A shift in perspective. A pause before acting. The courage to step in. To be sure, these are small moments in our everyday lives. But they have the power to change how we interact with and relate to those around us. And together, they can make a world of difference in our work, relationships, activities, attitudes and beyond.
The people of Centura Health’s newly created Diversity and Inclusion team are working to help shift how we think about and treat one another – both inside our hospital walls and throughout the communities we serve. The focus is not to create rules or dictate policy but to grow a culture of openness.
“We want to inspire everyone to become better people each day,” explains Oswaldo Grenardo, MD, Senior Vice President and Chief Diversity and Inclusion Officer for Centura Health. “When we are working on ourselves and becoming more aware of our biases, interactions improve and we become better caregivers. Honoring and respecting others different from ourselves is an extension of our mission to be the healing ministry of Christ.”
Planting a seed
Although still in its infancy, the Diversity and Inclusion team has begun to inspire change in big ways and small. Centura Health created the Health Equity and Advancement Fund—a $1 million grant to be dispersed among organizations working to advance equity and inclusion in our communities. Investing in these groups plants a seed for change throughout our region.
Ninety organizations applied for the funding, representing a wide range of initiatives—from addressing health disparities and food insecurity to racism, homelessness, poverty, refugee needs and more.
“The people in these organizations are so passionate about their work. Talking with them opened our eyes to the many needs in the community,” says Maria Kneusel, DPN, RN, Diversity and Inclusion Specialist for Centura Health. “Strategically funding these efforts is another way we can make a tangible difference in so many lives.”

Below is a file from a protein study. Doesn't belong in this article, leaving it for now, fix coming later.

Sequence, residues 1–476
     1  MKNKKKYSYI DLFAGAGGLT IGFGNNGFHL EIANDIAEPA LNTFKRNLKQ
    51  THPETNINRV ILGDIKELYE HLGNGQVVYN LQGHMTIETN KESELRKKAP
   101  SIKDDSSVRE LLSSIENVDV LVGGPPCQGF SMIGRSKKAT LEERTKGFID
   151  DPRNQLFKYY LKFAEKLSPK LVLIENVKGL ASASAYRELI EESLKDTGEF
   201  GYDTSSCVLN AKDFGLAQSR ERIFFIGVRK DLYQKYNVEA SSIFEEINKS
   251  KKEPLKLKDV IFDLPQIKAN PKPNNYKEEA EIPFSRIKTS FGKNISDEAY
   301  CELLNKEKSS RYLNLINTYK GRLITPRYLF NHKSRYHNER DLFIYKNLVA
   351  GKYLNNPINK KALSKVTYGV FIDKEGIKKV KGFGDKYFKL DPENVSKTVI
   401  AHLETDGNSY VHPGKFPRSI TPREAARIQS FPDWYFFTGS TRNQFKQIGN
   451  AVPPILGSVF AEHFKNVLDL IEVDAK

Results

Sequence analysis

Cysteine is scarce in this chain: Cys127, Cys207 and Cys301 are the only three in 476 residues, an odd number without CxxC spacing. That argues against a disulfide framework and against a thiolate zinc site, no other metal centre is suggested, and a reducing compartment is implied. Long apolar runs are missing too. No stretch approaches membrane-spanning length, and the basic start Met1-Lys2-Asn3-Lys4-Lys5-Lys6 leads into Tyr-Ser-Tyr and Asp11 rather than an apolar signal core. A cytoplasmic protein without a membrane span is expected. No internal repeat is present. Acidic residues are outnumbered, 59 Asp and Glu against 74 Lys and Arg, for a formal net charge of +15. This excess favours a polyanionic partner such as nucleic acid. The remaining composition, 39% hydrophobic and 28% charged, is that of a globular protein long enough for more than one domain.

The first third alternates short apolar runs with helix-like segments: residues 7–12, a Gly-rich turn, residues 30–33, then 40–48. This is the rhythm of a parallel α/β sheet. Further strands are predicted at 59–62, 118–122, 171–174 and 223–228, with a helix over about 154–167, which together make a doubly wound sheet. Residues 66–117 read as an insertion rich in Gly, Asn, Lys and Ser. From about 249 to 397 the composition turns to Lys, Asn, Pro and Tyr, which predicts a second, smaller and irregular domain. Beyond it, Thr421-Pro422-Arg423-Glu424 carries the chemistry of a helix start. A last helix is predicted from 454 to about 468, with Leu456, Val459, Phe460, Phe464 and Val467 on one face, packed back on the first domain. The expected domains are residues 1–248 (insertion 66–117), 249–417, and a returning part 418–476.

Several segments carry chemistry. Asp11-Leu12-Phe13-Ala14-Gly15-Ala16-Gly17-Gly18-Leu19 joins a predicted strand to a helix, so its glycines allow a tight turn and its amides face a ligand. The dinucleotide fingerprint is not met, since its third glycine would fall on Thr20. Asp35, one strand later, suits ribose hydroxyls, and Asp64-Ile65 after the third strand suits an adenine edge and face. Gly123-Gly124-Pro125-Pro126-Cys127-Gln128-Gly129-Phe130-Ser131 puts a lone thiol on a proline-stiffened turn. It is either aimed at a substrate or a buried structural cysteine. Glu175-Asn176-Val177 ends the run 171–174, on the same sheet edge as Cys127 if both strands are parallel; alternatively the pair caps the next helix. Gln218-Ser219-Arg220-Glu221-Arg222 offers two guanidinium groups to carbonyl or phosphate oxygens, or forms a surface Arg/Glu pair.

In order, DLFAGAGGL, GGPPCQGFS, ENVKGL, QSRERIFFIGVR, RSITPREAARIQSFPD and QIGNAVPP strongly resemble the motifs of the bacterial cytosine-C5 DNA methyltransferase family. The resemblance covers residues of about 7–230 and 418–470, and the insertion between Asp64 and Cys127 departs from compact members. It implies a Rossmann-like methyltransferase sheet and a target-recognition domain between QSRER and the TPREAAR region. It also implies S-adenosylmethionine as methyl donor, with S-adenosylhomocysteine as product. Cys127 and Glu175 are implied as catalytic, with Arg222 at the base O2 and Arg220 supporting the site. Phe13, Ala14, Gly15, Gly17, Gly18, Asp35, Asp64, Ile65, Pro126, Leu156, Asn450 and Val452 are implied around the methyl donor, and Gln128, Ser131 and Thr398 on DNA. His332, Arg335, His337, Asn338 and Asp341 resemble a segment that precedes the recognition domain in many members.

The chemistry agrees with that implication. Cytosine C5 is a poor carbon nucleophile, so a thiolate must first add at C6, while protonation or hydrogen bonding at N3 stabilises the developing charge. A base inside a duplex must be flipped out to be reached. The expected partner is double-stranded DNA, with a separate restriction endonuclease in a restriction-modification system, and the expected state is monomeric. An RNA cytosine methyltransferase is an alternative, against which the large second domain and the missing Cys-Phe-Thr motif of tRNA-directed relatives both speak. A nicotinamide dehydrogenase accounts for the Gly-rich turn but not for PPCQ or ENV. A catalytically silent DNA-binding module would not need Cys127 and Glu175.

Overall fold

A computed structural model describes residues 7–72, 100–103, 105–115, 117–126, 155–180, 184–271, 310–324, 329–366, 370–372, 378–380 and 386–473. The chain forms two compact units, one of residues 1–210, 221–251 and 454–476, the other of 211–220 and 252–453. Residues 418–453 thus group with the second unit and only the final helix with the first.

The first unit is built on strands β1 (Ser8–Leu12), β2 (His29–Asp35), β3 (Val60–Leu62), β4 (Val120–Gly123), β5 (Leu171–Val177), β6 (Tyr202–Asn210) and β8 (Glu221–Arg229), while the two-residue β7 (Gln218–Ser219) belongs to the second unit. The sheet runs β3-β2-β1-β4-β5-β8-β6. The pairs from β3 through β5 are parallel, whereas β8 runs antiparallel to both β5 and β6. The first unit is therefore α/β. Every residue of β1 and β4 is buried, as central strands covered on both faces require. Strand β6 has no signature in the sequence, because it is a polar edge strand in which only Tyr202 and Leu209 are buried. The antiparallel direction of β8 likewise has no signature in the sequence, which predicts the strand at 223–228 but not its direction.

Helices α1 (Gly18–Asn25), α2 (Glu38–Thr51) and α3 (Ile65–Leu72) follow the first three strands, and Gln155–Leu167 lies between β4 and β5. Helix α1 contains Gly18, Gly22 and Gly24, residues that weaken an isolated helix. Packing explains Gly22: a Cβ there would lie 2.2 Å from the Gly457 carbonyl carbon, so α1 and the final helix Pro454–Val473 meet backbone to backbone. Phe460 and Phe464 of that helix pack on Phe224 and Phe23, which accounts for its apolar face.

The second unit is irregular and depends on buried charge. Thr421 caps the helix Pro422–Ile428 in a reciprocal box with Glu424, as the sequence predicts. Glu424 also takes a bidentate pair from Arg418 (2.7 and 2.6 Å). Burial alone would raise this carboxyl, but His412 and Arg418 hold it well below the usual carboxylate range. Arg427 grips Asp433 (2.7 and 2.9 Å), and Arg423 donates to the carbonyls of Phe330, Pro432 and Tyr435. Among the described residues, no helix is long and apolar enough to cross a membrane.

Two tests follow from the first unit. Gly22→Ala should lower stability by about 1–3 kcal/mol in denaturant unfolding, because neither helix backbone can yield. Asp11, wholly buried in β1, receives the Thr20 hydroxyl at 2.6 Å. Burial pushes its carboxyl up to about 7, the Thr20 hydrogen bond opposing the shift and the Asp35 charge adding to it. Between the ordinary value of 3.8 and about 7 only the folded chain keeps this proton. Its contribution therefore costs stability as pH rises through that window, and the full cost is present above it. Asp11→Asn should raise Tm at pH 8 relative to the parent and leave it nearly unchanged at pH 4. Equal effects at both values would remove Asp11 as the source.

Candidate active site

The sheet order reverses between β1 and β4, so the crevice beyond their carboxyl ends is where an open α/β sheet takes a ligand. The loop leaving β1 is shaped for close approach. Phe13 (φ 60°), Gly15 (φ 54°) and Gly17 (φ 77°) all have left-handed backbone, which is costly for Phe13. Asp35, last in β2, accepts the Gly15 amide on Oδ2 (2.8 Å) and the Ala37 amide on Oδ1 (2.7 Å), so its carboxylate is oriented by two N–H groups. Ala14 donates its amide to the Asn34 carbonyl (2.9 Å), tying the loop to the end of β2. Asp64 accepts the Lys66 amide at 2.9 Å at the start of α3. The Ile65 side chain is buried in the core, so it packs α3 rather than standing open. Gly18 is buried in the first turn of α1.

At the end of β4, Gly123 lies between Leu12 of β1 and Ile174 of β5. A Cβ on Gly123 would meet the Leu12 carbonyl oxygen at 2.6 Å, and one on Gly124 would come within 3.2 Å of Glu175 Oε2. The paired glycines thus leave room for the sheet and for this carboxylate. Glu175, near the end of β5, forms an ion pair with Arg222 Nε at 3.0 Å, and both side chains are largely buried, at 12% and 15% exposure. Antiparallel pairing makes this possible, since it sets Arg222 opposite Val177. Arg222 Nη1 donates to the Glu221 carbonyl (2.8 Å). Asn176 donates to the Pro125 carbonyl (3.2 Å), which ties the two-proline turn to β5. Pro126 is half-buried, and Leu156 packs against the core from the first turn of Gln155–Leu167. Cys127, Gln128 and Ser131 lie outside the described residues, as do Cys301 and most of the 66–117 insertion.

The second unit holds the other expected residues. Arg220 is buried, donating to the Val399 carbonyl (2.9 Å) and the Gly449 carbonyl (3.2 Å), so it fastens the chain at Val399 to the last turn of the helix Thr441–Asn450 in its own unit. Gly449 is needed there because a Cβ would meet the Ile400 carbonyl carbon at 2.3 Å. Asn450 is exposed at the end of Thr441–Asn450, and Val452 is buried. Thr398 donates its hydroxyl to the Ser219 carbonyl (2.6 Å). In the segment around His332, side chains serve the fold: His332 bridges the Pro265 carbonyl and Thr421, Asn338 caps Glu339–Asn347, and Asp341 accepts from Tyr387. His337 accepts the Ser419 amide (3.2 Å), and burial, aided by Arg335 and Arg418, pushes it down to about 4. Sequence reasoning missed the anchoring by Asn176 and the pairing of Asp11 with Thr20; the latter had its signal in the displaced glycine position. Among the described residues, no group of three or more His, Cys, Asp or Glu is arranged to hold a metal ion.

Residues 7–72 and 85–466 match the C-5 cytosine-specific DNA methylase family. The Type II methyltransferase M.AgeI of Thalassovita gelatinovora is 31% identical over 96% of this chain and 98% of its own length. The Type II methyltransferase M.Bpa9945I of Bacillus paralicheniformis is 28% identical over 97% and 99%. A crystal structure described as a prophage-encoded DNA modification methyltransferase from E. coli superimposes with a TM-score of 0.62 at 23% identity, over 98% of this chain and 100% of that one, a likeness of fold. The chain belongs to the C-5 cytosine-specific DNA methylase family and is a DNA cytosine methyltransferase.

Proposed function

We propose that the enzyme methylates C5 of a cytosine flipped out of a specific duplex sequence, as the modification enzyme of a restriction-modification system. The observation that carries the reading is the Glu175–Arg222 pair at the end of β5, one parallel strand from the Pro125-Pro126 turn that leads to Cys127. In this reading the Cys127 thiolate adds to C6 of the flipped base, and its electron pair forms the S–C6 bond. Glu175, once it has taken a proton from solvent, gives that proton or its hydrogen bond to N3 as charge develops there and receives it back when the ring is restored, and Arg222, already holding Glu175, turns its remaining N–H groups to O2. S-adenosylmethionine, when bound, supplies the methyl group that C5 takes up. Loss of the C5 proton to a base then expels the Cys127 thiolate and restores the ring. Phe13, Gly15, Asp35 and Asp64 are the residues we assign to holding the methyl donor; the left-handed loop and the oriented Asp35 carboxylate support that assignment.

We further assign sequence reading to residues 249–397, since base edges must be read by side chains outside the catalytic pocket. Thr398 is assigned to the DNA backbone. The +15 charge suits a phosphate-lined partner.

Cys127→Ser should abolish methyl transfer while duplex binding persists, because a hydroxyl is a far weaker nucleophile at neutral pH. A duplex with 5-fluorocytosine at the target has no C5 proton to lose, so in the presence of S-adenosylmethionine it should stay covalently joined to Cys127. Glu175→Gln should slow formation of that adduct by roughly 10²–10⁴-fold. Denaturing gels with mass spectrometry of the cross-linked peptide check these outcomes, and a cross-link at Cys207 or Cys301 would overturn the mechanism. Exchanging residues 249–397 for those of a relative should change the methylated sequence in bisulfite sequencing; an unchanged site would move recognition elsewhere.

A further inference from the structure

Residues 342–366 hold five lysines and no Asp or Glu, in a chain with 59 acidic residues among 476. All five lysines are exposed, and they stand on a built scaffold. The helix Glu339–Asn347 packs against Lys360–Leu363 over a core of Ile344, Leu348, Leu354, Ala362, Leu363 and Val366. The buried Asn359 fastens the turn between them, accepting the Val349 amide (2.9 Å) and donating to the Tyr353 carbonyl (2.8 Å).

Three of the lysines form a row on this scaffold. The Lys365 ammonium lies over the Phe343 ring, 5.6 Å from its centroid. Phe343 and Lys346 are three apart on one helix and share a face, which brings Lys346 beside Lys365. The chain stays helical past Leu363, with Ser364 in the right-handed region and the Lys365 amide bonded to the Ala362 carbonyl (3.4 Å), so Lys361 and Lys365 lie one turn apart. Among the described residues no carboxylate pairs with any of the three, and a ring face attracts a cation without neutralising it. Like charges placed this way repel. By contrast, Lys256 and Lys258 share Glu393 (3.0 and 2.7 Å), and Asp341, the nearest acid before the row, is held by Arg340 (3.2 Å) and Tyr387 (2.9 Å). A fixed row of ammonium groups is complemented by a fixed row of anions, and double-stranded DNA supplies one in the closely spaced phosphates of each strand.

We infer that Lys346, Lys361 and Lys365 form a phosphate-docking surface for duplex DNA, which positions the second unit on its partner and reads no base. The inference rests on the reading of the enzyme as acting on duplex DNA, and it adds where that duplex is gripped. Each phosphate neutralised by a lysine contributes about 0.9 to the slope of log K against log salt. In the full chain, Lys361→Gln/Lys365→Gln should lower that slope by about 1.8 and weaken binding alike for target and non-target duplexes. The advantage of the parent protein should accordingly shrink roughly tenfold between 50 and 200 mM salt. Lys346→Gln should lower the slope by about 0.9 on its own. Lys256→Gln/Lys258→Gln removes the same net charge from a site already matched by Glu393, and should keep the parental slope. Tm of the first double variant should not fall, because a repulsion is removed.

Centura Health’s Diversity and Inclusion team is also looking to affect positive change within our own ecosystem. And they are starting from the top.
“In order to truly change culture, our leadership needs to model the values we want the organization to embrace. This takes the personal effort of each individual,” says Dr. Grenardo. “Changing ourselves internally leads to real, collective change externally.”
The team plans to take an active role in training initiatives regarding patient and associate experience. This training will focus on identifying unconscious biases and learning actionable steps to be more welcoming to others, such as engaging with someone from a different background or finding the courage to speak up when witnessing actions that divide others.
“It’s not about perfection. It’s about being more aware,” says Dr. Kneusel. “I believe we all wake up in the morning and want to be good people. But we make mistakes. It takes real intention to practice diversity. That’s where training comes in.”
Being the change
In addition to leadership training, Centura Health is working on a host of initiatives focused on growing a more open and inclusive environment—from further expanding caregiver diversity to finding ways to celebrate people from different walks of life.
“We have found that becoming more inclusive not only helps interactions between associates, but positively impacts our care and connection with patients,” says Dr. Grenardo. “We want all people to feel comfortable, confident and trusting in our care.”
Dr. Kneusel adds, “Everyone can play a role. As humans, we honor one another’s dignity through simple, small acts. That is how we show up for others.”